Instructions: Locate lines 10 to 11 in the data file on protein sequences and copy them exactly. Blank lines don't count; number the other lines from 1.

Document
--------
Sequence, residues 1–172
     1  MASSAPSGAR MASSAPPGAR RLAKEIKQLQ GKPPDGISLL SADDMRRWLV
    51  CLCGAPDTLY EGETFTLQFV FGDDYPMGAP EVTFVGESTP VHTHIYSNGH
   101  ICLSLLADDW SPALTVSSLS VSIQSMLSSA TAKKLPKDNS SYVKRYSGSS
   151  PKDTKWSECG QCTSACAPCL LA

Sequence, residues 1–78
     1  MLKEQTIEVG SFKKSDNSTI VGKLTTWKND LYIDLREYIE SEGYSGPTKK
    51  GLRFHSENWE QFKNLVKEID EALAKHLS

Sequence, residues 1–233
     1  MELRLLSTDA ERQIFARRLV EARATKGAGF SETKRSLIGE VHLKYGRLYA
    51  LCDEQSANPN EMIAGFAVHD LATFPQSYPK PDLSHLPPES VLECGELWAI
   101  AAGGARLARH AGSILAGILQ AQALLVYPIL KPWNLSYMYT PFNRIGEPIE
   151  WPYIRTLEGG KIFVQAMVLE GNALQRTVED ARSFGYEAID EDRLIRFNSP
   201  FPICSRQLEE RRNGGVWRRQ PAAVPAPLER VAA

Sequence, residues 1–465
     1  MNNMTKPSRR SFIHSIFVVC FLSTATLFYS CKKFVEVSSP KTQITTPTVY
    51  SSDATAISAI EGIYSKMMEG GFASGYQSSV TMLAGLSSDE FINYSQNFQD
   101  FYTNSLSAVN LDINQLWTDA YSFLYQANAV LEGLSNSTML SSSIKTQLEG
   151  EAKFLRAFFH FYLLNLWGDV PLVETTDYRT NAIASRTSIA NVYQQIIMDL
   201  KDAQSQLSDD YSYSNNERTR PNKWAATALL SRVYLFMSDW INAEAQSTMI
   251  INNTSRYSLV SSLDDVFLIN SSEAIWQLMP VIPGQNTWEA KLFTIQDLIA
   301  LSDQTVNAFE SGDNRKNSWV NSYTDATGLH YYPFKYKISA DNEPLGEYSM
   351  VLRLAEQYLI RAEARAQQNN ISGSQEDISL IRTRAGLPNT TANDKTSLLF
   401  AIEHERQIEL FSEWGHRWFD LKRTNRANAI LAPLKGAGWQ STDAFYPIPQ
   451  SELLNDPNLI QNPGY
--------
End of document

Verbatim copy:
     1  MELRLLSTDA ERQIFARRLV EARATKGAGF SETKRSLIGE VHLKYGRLYA
    51  LCDEQSANPN EMIAGFAVHD LATFPQSYPK PDLSHLPPES VLECGELWAI